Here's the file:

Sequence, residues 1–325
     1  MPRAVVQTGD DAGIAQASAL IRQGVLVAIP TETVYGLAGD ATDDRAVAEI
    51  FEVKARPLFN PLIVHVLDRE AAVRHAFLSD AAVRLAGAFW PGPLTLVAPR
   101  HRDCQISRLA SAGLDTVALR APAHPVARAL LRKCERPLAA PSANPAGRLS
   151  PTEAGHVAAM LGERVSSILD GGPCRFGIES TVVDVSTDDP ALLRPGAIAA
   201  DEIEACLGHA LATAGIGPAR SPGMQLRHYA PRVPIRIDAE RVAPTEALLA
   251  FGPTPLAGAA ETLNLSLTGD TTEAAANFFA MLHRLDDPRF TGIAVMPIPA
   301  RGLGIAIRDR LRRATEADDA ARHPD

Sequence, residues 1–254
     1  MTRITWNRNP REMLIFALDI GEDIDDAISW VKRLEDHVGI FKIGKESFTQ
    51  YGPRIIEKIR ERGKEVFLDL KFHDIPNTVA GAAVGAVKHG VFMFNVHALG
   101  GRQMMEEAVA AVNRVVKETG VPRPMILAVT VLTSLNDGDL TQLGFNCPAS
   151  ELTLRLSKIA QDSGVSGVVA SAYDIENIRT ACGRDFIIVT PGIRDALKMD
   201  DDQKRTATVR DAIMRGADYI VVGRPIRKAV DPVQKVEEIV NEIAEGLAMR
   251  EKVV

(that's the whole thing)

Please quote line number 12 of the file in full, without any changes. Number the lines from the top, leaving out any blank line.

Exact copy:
   101  GRQMMEEAVA AVNRVVKETG VPRPMILAVT VLTSLNDGDL TQLGFNCPAS